While Washington political leaders are clashing at the edge of the Fiscal Cliff, they need to make sure they don’t throw the valuables over the side during the fight.
One of the ideas “on the table” in the Fiscal Cliff negotiations would target the Medicare Prescription Drug program with a new layer of rebates. This is a misguided idea that was included in a deficit-reduction plan by the Simpson-Bowles commission, which is being seen as a framework for the Fiscal Cliff negotiations.
While Part D may look like an easy place to pick up new money, the rebate plan would do much more damage in the long run by undermining a successful program that is saving both taxpayers and seniors money.
The Medicare Part D drug program is a rare government program that is under-budget. The program is costing taxpayers 46 percent less today than expected when Congress created the benefit in the Medicare Modernization Act in 2003.
It is saving money precisely because it relies on market forces – competition and consumer choice – and not the government price and benefit controls which plague other government programs.
And Part D is saving seniors money as well. The average basic premiums for free-standing Medicare prescription drug plans are half what they were expected to be at this point when the program was created – about $30 a month vs $60 a month based upon initial estimates.
Lower prices and more choices for seniors. Saving money for taxpayers. Those are not statements you see often in government programs, especially as prices elsewhere in the health sector continue to climb above the rate of inflation year after year.
The Simpson-Bowles proposal calls for mandatory Medicaid-level rebates for drugs used by Medicare Part D beneficiaries who also are eligible for Medicaid – so called “dual eligibles.” Duals are both poor and elderly, and many have multiple chronic conditions that can require numerous medications.
Simpson-Bowles would treat the Medicare Part D benefit for lower-income seniors like Medicaid, forcing drug makers to give kickbacks to the government – or rebates, in budget parlance. The rebate proposal is estimated to save $49 billion by the year 2020 by requiring drug companies to extend the Medicaid rebates to dual-eligibles.
This is just another tax that will undermine the successful Part D program and make it harder for lower-income seniors to get the drugs they need.
The reasons are complex, involving the bidding architecture of the program and enrollment numbers. Drug plans would have less incentive to participate, and competition would be diminished, undermining the forces that have led to the program’s success.
Today, private drug plans participating in Part D have an incentive to provide the greatest choice of drugs at the lowest price to attract the greatest number of participants. Seniors have shown they are smart shoppers who know how to search for value, selecting plans that provide them the medicines they know they need, a range of choices for drugs they may need in the future, and at the best price. The market is responding to these competitive forces.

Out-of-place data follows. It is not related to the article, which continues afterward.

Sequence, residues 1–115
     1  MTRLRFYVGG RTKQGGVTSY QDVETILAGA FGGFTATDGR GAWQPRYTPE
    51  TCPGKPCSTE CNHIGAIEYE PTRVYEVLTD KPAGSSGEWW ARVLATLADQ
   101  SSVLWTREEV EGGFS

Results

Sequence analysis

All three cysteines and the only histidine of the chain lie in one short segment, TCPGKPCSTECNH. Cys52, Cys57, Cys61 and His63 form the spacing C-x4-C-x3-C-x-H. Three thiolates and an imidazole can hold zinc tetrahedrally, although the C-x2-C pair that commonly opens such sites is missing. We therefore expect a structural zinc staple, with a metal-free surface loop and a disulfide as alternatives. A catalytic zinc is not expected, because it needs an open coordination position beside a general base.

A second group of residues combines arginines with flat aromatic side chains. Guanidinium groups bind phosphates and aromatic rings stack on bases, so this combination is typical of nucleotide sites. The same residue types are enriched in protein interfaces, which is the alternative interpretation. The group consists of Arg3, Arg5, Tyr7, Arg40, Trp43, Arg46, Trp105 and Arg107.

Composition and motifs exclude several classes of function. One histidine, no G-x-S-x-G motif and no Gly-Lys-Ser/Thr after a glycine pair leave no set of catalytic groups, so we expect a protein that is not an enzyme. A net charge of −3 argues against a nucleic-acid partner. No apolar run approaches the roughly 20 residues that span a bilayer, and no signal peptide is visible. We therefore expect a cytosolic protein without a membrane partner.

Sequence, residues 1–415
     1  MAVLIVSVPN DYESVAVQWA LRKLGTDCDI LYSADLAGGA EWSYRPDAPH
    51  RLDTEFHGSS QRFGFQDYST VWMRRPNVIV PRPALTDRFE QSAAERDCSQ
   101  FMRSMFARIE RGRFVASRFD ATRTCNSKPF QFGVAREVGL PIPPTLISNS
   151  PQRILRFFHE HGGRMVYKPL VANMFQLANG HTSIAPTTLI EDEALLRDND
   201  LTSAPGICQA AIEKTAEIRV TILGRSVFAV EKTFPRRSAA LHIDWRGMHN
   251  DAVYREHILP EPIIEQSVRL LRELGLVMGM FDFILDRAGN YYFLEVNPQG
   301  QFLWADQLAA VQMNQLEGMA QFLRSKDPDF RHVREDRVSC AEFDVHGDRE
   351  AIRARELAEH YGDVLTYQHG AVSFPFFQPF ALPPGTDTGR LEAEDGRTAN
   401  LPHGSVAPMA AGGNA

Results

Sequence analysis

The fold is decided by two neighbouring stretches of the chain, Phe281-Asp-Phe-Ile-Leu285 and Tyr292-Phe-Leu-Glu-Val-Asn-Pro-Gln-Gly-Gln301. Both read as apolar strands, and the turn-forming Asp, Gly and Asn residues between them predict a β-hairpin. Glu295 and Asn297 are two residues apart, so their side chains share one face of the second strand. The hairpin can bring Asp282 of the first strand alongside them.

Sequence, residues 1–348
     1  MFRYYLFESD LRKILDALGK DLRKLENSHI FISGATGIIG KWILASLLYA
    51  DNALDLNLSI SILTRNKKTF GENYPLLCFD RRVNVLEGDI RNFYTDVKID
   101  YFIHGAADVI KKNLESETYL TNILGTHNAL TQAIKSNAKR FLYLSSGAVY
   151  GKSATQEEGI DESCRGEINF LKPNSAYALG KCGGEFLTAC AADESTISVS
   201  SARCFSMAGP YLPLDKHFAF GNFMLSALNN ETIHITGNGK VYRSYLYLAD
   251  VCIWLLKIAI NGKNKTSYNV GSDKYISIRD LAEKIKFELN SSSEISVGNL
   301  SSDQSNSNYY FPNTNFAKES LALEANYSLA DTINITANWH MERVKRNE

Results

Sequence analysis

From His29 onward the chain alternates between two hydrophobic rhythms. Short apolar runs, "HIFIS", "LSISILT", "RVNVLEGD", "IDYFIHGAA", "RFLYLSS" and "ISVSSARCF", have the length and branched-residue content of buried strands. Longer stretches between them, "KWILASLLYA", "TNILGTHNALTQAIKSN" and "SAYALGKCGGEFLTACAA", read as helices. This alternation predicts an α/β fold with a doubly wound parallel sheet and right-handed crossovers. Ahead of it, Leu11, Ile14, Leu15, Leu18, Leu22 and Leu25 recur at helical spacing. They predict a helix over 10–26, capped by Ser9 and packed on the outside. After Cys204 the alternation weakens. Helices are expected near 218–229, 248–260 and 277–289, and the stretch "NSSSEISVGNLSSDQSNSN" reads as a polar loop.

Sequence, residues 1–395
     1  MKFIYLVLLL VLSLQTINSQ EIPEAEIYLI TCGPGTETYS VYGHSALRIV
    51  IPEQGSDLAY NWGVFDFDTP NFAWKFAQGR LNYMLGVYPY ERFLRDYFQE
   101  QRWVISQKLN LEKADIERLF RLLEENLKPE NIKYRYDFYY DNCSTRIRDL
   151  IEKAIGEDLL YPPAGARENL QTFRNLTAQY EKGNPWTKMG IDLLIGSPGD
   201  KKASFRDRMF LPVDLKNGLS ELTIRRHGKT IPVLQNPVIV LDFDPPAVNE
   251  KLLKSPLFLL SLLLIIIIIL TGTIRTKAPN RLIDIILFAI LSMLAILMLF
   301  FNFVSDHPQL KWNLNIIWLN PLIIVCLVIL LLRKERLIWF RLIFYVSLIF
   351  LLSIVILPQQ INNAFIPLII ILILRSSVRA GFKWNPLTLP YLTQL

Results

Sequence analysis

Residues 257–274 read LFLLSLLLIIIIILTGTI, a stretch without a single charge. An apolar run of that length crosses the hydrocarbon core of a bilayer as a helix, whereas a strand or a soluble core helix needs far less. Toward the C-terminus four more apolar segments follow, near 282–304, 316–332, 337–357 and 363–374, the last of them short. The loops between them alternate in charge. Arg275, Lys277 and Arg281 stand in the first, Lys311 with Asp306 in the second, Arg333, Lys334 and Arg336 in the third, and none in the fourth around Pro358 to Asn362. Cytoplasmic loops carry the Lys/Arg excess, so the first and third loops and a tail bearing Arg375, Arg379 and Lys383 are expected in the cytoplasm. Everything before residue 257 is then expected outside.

Healthy seniors drive the success of the program, making more choices and lower prices available to duals as well.
More than 30 million seniors are enrolled in Part D plans. A recent survey conducted for the Healthcare Leadership Council by KRC Research found that 9 out of 10 seniors are satisfied with their prescription drug coverage for its cost, convenience, and coverage. A 2011 study in the Journal of the American Medical Association said that Part D drug coverage saves Medicare about $1,200 per beneficiary annually in lower hospital, nursing home and other medical costs.
The Simpson-Bowles Part D rebates would undermine competition, result in fewer choices of drugs for the sickest seniors, and wind up costing taxpayers and seniors more over the long run.
The Simpson-Bowles commission also recommended strengthening the powers of the Independent Payment Advisory Board, another bad idea that will put unelected technocrats in charge of Medicare spending decisions. They will gain control over hundreds of billions of dollars in Medicaid spending, with virtually no responsibility to heed the complaints of seniors or even members of Congress. The IPAB should be repealed, not strengthened.
Greater powers for the IPAB and the Part D rebate proposals should be tossed aside in the budget talks as bad ideas that would undermine a successful program – Part D – and make a bad program – IPAB – worse.